4. ISA Server 2004 manages and applies all rules in what is known as a firewall policy. Two general classifications of rules, publishing rules, are used to define access from external sources to internal/protected resources, to external destinations. Access rules consist of the following policy elements: • Rule action This defines whether traffic should be allowed or denied when the rule conditions are met. • Protocols This is where you specify the protocols to which the rule applies. These can be any Layer 3 (IP level) protocol, any Layer 4 (transport layer) port number, or any ICMP properties. • Source This is where you define the source of the traffic that the rule will apply to, typically an internal network. • Destination This is where you define the destination of the traffic that the rule will apply to, typically an external network. • User sets This is where you define the users that the rule will apply to. To take advantage of user sets, you cannot be using the SecureNAT firewall client because it has no means of performing authentication. • Content types This is where you define the Multipurpose Internet Mail Extensions (MIME) types and file extensions that the rule will apply to. Content types can only be specified and used with rules for the HTTP and tunneled FTP (FTP that is handled by the Microsoft ISA Server 2004 web proxy filter) protocols, allowing you to define what specific content will be permitted (for example, denying .exe extensions in URL requests). • Schedules This is where you define the schedule during which the rule will be applied. Schedules only apply to new connections; existing connections that are in place outside of the hours that the schedule has defined are not disconnected automatically. Building the access rule is a largely wizard-driven process, with the exception of configuring the content types and schedule, which must be done by editing the properties of an existing rule. Just right-click the firewall policy and choose New > Access Rule, as shown in Figure 8-7. Figure 8-7. Creating an Access Rule [View full size image]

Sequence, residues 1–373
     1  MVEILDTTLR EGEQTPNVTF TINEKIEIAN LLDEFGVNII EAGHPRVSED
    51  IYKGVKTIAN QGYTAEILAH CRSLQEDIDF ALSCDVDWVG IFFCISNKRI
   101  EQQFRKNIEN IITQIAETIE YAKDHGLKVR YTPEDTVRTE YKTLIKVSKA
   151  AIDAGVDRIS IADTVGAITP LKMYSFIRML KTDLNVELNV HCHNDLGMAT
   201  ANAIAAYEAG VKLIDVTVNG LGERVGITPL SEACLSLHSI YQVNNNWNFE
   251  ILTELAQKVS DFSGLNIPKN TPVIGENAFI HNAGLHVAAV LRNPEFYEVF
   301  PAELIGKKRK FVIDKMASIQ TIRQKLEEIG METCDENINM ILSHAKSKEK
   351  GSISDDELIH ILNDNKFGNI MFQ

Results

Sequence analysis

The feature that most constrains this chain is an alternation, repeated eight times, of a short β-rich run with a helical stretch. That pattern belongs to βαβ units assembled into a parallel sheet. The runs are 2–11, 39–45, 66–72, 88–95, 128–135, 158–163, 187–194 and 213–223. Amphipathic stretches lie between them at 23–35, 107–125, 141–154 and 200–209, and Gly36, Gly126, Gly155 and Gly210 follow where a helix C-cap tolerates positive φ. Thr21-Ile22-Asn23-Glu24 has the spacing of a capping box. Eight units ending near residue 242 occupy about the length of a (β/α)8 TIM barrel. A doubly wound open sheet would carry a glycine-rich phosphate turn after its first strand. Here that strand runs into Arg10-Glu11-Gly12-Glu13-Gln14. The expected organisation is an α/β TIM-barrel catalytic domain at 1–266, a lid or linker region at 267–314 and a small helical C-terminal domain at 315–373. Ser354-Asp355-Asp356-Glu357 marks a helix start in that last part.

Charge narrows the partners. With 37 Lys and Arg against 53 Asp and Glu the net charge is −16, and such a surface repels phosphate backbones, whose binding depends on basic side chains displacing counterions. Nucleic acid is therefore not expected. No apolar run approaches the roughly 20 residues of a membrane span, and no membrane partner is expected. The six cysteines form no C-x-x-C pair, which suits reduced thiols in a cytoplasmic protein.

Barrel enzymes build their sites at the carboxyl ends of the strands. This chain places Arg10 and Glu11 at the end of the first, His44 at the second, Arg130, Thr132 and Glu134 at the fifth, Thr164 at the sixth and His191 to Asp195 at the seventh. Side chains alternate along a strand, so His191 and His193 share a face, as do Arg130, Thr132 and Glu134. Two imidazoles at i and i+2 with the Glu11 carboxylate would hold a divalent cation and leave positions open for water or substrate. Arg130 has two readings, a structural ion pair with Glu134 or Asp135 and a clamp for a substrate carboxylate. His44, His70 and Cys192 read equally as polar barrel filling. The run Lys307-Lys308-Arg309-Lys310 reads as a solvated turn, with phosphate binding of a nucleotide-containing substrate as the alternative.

5. This will begin the New Access Rule Wizard. At the Welcome screen, assign an appropriate access rule name and click Next. At the Rule Action screen, select to Allow or Deny the traffic as appropriate and click Next. At the Protocols screen, you can select to apply the rule to All Outbound Traffic, Selected Traffic, or All Outbound Traffic Except Selected Traffic. If you choose the latter, you must click Add to specify the protocols that the rule applies to. For example, Figure 8-8 shows a rule being created that applies to the HTTP protocol only. Figure 8-8. Protocols Screen [View full size image]